Chelyabinsk-40, Russia, Alan Gignoux, 2009.

Part of this geographic immobility is the result of tightly bonded cultures that were built around once vibrant core industries. Qualitative studies of ex-mining regions of the U.S. find that the conception of self and community is historically tied to the industry: mining as a means of survival, connection with community, personal identity, familial relations, and cultural identity. In other words, work was not the only thing—and perhaps not even the most important thing—that working-class communities lost when the jobs went away. 

North of England, Dave Thompson/PA, 2016.

When dislocation happens in democracy, the social alienation that accompanies economic change and cultural stress often fuels political unrest. Economic grievances in dislocated communities tend to meld with cultural anxieties, according to the analysis of Harvard Professor Pippa Norris, and with social and community decay, according to AEI’s Tim Carney. This melding fosters “us-versus-them” resentments that are then reflected in political attitudes and voting behavior. 

The connection between economic distress and political populism isn’t new. Throughout American history, times of economic stress, depression, and transition have correlated with rises in economic grievances and interrelated social and cultural conflicts. This was the case during the agrarian discontent of the 1870s industrial revolution, and the populism that marked the unemployment and destitution of the Great Depression.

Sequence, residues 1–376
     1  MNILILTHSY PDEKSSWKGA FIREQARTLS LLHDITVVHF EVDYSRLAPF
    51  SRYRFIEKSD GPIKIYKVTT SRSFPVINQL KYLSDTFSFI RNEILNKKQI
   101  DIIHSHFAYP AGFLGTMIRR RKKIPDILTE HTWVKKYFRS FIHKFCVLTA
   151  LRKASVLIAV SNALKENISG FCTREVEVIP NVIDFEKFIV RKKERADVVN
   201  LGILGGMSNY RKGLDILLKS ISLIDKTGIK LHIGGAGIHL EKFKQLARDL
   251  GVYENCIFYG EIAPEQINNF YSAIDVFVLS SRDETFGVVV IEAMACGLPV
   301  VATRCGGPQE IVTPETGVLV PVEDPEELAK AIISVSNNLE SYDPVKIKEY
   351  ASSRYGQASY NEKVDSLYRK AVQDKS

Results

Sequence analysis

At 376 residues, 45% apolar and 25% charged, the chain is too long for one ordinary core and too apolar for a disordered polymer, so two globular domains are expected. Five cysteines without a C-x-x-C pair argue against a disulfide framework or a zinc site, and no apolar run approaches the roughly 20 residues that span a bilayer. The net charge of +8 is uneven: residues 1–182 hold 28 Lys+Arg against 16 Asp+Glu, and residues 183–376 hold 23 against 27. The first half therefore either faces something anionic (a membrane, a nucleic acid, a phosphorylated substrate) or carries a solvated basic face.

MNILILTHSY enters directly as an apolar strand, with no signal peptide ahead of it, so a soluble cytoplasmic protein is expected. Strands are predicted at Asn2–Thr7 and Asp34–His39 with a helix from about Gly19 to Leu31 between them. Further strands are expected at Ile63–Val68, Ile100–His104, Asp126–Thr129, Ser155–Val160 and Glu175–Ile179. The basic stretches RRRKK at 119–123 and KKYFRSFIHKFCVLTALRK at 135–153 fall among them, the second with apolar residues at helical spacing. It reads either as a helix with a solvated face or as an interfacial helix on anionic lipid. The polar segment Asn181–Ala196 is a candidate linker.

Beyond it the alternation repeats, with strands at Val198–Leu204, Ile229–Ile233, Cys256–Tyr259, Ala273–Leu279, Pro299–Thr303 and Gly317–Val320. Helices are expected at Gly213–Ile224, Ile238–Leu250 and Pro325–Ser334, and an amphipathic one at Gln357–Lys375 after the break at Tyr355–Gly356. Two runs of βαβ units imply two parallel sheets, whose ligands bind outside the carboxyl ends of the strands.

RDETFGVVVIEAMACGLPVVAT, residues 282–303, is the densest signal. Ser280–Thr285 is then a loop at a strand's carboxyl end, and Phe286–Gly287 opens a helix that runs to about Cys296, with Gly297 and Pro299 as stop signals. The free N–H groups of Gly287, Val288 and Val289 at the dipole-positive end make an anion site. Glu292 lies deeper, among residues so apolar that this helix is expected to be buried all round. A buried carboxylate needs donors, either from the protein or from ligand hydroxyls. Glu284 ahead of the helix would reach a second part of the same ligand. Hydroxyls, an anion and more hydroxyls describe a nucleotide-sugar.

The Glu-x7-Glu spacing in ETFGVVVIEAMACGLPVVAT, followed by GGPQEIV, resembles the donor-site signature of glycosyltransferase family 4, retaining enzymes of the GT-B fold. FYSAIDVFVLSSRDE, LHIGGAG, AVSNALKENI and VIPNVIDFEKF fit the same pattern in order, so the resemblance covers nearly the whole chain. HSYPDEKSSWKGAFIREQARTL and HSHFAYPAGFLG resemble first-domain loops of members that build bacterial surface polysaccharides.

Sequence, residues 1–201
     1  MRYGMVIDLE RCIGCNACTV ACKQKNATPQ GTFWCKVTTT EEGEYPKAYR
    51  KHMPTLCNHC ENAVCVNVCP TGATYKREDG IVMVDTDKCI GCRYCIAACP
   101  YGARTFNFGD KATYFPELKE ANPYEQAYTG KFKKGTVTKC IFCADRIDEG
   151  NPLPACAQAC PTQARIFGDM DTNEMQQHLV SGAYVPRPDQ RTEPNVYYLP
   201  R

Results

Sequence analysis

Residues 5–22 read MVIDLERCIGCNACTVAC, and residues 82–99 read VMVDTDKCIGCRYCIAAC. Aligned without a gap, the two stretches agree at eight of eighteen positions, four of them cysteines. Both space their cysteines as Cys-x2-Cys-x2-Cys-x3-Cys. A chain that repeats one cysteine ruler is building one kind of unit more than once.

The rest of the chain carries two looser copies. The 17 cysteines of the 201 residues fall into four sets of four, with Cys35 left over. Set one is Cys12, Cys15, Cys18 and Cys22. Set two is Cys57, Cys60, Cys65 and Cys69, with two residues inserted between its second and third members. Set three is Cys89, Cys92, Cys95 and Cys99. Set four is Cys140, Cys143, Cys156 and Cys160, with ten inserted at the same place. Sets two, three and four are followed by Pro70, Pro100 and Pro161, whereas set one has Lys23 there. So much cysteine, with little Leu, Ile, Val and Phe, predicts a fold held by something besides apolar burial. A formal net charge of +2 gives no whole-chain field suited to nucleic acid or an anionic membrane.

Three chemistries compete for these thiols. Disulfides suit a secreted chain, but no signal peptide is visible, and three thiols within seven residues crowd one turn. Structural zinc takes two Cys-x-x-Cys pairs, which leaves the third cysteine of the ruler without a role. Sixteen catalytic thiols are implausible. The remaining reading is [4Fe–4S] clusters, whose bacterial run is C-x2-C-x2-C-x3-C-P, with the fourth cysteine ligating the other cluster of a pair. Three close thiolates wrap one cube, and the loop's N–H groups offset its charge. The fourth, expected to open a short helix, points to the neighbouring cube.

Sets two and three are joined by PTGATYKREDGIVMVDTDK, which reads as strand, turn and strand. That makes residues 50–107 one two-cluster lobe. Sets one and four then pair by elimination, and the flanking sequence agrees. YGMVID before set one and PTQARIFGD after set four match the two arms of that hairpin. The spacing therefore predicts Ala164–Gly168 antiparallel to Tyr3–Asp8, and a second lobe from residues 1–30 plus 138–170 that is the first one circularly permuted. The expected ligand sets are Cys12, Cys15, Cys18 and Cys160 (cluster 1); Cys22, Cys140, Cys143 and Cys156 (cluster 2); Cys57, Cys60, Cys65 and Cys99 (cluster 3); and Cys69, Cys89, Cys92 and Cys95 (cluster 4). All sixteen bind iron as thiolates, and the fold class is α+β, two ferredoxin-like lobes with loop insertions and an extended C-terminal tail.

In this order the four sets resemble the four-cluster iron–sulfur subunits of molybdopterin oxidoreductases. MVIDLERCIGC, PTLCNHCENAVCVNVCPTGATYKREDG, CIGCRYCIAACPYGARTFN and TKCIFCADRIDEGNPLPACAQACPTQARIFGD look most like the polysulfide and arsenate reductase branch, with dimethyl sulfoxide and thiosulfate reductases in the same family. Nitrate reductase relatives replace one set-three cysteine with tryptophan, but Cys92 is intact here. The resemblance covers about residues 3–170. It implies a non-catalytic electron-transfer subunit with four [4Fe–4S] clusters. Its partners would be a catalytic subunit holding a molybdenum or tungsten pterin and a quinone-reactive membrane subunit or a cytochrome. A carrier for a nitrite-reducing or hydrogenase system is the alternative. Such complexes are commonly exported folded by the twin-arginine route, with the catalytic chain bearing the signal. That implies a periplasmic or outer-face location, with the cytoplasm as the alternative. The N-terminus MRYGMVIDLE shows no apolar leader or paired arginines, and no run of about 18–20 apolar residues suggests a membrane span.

Deindustrialization across the globe has similarly exacerbated social and political tensions globally today, from the rise of Vladimir Putin in Russia, to the UK’s abrupt Brexit from the European Union, to the election of Donald Trump, along with analogous developments in France, Hungary, Poland, and Germany, among others. While the U.S. has thus far avoided the most extreme political outcomes, failing to come to terms with the anger and despair wrought by economic hardship, Hill says, risks social and political danger. We are not Russia—yet. But if we don’t adjust, Russia may come to be seen as “America’s ghost of Christmas future.”

While the correlation between dislocation, economic distress, and political discontent is clear, it also risks veering into another “just-so” story, a little too neat and deterministic. Alongside apparent bottom-up similarities between Russia and the West in their journey through deindustrialization, there are also stark bottom-up differences rooted in disparate histories, cultures, and political systems. Similar recent problems do not guarantee they will reach the same end results. 

All three countries passed and are passing through similar economic transitions, but have coped (and are coping) with deindustrialization through different cultural matrices of history, politics, economics, and, crucially, commitments to democratic values. In the cases of the US and UK, democratic political mechanisms have (somewhat imperfectly) absorbed, ameliorated, and redirected the forces of dislocation. As AEI’s director of foreign and defense policy studies, Kori Schake, pointed out in a recent AEI event on Hill’s book, the American people have a history of indulging populist impulses while keeping them on a short leash through vigorous and critical public exchange.